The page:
In the present work, TLC techniques were adopted. Despite limitations of TLC assays being applied to screen for antioxidant and to prospect for the presence of phytochemicals, it is easily established in any laboratory and is approved by the World Health Organization for the quality control of plant-derived drugs.

Alkaloids is a group of substances that can exert antioxidant properties, depending on the presence of a phenolic ring in their structure.23 In our report, we have found that 8.16% of the tested extracts contained alkaloids, mostly observed in Fabaceae and Apocynaceae, although their occurrence in Annonaceae and in Rubiaceae was somewhat expressive. From the 73 alkaloidic extracts only four did not show radical scavenge activity, but three of them have shown β-carotene/bleaching response. According to our results, families showing alkaloids can indeed be considered as a target group to undergo antioxidant and chemical screening of molecules to be tested in biological screening,

Anthraquinones were found in a few plant extracts belonging to Apocynacae, Lauraceae, Fabaceae, Rubiaceae and Rutaceae. All the extracts have also shown a good radical scavenge activity. Cardenolides were found mainly in the extracts that belong to Fabaceae, followed by the extracts belonging to Apocynaceae. These extracts have also shown significant radical scavenge activity. A β-carotene/bleaching response was found in 77 plant extracts. Eighteen extracts belong to Apocynaceae, and have also showed an expressive radical scavenge activity.

CONCLUSION

Present findings described that Amazon plant extracts have a huge potential to be a source of antioxidant compounds to be used in preventive medicine, as well as the chemical screening revealed that their plants can be strategically assessed as a source of alkaloids to be tested in further biological assays, both aiming treatment and prevention of diseases.

ACKNOWLEDGMENT

The authors thank Fundação de Amparo à Pesquisa do Estado de São Paulo – FAPESP for grant #2008/58706-8.

CONFLICT OF INTEREST

All authors have none to declare.

ABBREVIATIONS

TLC

Thin Layer hromatography

DPPH

2,2-diphenyl-1-picrylhydrazyl; KOH: potassium hydroxide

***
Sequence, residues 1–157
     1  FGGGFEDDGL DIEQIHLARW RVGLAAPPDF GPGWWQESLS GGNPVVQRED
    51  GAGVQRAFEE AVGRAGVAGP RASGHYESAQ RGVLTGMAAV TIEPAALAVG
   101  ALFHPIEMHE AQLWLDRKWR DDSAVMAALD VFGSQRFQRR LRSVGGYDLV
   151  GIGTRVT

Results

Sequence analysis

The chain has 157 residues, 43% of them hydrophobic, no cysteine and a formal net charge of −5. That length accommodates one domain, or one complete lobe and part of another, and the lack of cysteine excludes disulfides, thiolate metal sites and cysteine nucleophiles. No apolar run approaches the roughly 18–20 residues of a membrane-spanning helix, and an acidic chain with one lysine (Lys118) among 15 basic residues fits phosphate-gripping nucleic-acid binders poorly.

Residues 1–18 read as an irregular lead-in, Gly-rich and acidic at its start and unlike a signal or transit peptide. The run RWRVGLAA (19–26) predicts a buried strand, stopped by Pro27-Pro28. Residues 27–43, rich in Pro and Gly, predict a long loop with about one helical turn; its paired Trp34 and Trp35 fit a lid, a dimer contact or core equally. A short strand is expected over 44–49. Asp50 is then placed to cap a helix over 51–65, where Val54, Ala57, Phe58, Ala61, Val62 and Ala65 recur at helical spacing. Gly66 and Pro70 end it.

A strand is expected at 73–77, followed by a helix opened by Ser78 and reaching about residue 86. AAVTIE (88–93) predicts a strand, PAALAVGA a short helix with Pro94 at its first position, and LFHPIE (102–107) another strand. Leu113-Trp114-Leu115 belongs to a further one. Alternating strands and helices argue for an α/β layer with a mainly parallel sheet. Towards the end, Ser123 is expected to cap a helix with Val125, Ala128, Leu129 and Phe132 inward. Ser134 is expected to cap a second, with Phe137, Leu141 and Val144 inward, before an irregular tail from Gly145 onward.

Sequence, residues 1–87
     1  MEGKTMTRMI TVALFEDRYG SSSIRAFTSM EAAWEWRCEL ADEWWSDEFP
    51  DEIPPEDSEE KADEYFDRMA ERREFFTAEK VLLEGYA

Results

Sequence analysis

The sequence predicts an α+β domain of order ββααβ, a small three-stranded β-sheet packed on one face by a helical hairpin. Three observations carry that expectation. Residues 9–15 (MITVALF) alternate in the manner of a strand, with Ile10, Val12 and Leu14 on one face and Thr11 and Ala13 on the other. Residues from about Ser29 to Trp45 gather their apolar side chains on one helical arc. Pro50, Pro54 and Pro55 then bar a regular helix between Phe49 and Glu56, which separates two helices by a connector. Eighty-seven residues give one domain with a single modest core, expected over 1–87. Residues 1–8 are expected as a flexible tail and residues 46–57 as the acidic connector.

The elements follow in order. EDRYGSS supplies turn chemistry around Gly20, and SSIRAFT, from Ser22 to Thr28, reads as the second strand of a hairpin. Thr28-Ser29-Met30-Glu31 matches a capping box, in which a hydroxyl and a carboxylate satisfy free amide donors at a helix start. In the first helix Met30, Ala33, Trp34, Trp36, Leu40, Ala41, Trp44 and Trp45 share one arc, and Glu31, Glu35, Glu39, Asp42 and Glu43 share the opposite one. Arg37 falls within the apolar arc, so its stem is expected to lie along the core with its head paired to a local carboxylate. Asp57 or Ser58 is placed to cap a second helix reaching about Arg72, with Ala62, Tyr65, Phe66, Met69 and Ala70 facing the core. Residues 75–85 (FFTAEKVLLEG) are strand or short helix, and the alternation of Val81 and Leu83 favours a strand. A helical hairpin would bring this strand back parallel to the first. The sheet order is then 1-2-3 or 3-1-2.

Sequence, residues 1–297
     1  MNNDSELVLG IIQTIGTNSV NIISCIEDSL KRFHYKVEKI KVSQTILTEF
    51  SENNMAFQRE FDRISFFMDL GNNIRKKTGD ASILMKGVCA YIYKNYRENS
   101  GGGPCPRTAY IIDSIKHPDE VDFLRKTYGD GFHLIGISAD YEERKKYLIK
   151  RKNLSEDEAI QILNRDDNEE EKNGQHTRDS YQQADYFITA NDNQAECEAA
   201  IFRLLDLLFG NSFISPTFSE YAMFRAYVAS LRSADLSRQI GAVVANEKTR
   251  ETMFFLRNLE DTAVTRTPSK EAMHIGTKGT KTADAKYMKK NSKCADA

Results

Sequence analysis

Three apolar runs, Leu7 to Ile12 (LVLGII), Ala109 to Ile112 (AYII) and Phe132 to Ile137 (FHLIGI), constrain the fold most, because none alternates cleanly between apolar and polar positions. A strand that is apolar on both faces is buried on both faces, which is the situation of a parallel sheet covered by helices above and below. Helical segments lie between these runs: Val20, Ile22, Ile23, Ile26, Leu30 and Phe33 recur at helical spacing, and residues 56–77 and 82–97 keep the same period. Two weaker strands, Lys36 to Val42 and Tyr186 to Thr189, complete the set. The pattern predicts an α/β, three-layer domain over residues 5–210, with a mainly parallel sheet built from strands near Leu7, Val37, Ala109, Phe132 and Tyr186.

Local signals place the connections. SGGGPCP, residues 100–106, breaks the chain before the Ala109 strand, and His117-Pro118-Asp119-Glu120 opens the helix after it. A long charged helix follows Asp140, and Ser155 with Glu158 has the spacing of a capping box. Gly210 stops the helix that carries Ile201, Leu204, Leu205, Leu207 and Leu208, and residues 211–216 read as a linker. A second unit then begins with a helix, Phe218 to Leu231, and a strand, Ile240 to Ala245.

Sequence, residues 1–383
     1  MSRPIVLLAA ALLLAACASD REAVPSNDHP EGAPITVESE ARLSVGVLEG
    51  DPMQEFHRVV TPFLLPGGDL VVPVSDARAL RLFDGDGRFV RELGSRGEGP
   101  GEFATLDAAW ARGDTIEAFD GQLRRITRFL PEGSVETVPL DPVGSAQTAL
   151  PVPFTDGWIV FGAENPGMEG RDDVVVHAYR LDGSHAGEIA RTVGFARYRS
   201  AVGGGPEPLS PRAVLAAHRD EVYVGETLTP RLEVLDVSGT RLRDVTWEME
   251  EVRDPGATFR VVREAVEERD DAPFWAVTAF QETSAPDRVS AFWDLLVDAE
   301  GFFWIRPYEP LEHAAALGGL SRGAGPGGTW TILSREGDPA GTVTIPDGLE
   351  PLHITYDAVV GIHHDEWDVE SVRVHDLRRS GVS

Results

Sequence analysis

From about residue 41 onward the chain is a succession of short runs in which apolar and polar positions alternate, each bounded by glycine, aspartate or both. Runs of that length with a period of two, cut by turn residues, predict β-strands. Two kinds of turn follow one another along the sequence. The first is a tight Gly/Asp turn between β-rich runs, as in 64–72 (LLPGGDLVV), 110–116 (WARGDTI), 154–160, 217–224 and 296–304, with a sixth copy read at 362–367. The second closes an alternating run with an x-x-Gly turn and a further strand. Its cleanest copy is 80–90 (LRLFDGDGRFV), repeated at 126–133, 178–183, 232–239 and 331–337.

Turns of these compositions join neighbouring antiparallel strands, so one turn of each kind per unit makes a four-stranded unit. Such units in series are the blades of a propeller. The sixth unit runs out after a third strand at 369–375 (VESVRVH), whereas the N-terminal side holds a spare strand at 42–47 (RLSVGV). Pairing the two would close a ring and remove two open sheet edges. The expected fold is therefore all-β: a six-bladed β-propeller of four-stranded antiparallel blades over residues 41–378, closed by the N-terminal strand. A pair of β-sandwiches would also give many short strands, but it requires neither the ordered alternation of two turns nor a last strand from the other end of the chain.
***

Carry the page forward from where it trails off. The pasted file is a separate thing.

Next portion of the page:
DCM

dichloromethane

MeOH

methanol

mg

milligram(s); mLmilliliter(s)

IBAMA

Instituto Brasileiro do Meio Ambiente e dos Recursos Naturais Renováveis

MMA

Ministério do Meio Ambiente

ICMBio

Instituto Chico Mendes de Conservação da Biodiversidade

CGen

Conselho de Gestão do Patrimônio Genético

v/v

volume/volume

UNIP

Universidade Paulista

RS

radical scavenge

df

degrees of freedom

RA

roots

CA

stem

FO

leaves

CS

stem bark

FR

fruits

UV

ultraviolet ray

UVB

ultraviolet-B ray

DNA

desoxyribonucleic acid

RNA

ribonucleic acid.

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GRAPHICAL ABSTRACT

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SUMMARY

- 895 Brazilian Amazon aqueous and organic plant extracts were evaluated by their free radical scavenging and antioxidant activities;-plants were also evaluated for the presence of alkaloids, cardenolides and anthraquinones;-present findings described that Amazon plant extracts have a huge potential to be a source of antioxidant compounds and a source of alkaloids to be tested in further biological assays.

ABOUT AUTHORS

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MsC Lucyana C. Marin, Universidade Paulista – UNIP, São Paulo, Brazil

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MsC Ellen C.M. Cavarsan, Universidade Paulista – UNIP, São Paulo, Brazil

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Dr. Ingrit E.C. Días, Universidad Nacional de Ingeniería, Lima, Peru

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Dr. Mateus L. B. Paciencia, Universidade Paulista – UNIP, São Paulo, Brazil

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Mr. Sergio A. Frana, Universidade Paulista – UNIP, São Paulo, Brazil

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Dr. Ivana B. Suffredini, Universidade Paulista – UNIP, São Paulo, Brazil